By Michael Hurley, CBS Boston

BOSTON (CBS) — F.P. Santangelo spent parts of seven seasons in Major League Baseball, batting just .245 and hitting 21 total home runs for the Expos, Giants, Dodgers and Athletics.

The baseball career of the utility man who was drafted in the 20th round of the 1989 draft may be mostly forgettable … but he also may have changed football history forever.

That’s what Santangelo’s son would have you believe, anyway.

F.P. Santangelo Jr. shared a story on Twitter this week about the time Tom Brady took batting practice with the Expos at Candlestick Park, prior to Brady being drafted as a catcher in the 18th round of the draft by Montreal. That pre-draft workout was detailed in a story last year, but Santangelo Jr. added some interesting commentary about what the elder Santangelo offered to the 18-year-old Brady:

“As the story goes, [Santangelo] Senior was in charge of persuading Tom Brady to sign with the Expos but Senior told him, and I quote: ‘Dude sitting on buses all day sucks. Being a QB at Michigan would rule.’ Then Senior introduced Brady as Michigan’s QB to all the players. Rest is history.”

Santangelo Jr. followed up that post with a message to all of the football fans who have grown exhausted of seeing Brady win so much: “So blame [Santangelo Sr.] for ruining football and always having the Patriots in the Super Bowl.”

Sure enough, the story has been shared before. In a 2012 story in The Star-Ledger, Jeff Bradley wrote:

But when he went into the clubhouse a little while later, what [former scout John] Hughes saw pretty much convinced him there was no shot. “Tom was sitting on a stool in the clubhouse,” Hughes recalled with a laugh. “And he was surrounded by guys from the team. And Tom was holding court. They all wanted to talk to him about playing quarterback in the Big House for Michigan. Guys were like, ‘You can’t pass that up for baseball.'”

A similar story was also shared in a 2017 MMQB story by Tim Rohan:

Hughes told FP Santangelo, a 27-year-old outfielder, to watch after Brady and chaperone him for the day, because the Expos wanted to sign this guy. But once Santangelo heard that Brady was going to play quarterback at Michigan, it was all he could talk about. Santangelo’s mother had attended Michigan and he’d grown up in the state bleeding maize and blue. At one point, Santangelo took Brady around the clubhouse and introduced him to the guys, including Pedro Martinez, the ace, and Felipe Alou, the manager. “I didn’t even introduce him as, ‘He’s going to sign with the Expos,’ ” Santangelo says. “It was: ‘This is Tom Brady, he plays quarterback at Michigan.’ I do remember that [Brady] was very shy. He was saying, ‘I’m like fifth-string right now, who knows how that’s going to go.’ ”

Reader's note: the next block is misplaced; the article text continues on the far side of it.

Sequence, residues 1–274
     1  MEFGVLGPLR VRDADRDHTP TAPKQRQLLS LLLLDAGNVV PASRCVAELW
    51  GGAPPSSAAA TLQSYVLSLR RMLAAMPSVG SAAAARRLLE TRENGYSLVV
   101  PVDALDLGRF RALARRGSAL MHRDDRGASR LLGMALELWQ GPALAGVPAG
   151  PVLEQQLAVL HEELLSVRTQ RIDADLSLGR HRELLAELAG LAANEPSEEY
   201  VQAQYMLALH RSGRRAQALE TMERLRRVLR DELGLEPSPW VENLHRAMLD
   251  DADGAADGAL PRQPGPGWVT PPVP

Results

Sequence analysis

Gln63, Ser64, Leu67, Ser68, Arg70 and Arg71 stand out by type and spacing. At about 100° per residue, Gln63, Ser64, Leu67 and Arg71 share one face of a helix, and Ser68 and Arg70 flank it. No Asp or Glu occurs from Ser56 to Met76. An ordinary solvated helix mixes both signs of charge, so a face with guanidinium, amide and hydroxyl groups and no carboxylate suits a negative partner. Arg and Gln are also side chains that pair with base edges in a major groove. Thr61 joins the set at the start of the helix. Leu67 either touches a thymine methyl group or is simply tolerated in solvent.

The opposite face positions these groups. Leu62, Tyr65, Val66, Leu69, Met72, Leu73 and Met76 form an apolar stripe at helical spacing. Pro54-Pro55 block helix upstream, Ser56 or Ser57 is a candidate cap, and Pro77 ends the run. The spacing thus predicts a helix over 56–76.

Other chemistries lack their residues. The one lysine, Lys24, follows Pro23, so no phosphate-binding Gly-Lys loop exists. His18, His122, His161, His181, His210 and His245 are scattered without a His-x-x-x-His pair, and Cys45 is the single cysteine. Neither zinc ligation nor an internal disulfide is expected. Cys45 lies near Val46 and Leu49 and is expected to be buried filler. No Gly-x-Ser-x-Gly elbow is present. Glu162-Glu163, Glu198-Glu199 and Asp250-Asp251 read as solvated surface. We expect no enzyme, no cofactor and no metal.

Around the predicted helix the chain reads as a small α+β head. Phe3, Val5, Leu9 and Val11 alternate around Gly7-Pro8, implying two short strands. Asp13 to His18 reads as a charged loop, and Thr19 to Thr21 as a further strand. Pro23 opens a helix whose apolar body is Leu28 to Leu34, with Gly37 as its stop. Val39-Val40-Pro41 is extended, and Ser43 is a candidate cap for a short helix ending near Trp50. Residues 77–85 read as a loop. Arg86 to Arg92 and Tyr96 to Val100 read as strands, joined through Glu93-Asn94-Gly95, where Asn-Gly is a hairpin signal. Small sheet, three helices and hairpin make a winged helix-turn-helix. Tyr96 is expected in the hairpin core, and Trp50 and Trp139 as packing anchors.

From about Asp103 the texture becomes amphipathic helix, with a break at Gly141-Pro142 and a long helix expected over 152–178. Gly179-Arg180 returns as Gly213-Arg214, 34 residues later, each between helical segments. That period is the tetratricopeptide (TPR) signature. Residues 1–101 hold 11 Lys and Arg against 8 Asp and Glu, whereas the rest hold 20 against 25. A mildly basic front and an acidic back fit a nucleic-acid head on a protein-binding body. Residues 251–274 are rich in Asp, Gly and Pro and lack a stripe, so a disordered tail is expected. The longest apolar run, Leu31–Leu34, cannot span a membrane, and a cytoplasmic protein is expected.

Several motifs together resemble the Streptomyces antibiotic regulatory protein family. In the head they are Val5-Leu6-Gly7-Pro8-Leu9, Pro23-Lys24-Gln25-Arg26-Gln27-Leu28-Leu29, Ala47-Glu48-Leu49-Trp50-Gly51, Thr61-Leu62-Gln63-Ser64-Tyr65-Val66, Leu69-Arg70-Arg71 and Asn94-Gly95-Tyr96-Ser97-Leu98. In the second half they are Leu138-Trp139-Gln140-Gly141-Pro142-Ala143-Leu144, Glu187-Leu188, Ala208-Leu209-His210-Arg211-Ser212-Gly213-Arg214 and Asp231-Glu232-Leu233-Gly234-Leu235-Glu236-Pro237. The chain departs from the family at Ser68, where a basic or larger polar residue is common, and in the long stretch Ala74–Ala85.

Other players took an interest, too, and soon Brady was sitting at a locker, holding court with six or seven Expos asking him questions. “We were telling him,” Santangelo says, “ ‘Why would you make $800 a month in the minor leagues when you can be the quarterback at the University of Michigan? You’re a good-looking guy, you can probably have a lot of fun off the field, too.’ … We told him: ‘Go play football at Michigan! Are you kidding me?’ ”

With Brady having already won five Super Bowls and having the chance next week to win his sixth — and not to mention the objective truth that riding buses for a living in the minor leagues is a brutal way of life for young baseball players — it’s safe to say he made the right choice.

The conclusion that Brady chose football because of Santangelo’s sage advice is, obviously, a bit of a stretch. It’s likely that Brady relied on the advice of some closer confidants as well as his own gut feeling when it came to choosing football or baseball for a career path.

But it does make for a good story, and it provides a singular target to which all of America’s angry football fans to direct their scorn. Accordingly, it provides an opportunity for Patriots fans to give some thanks to a baseball player whom they may have otherwise forgotten.

You can email Michael Hurley or find him on Twitter @michaelFhurley.


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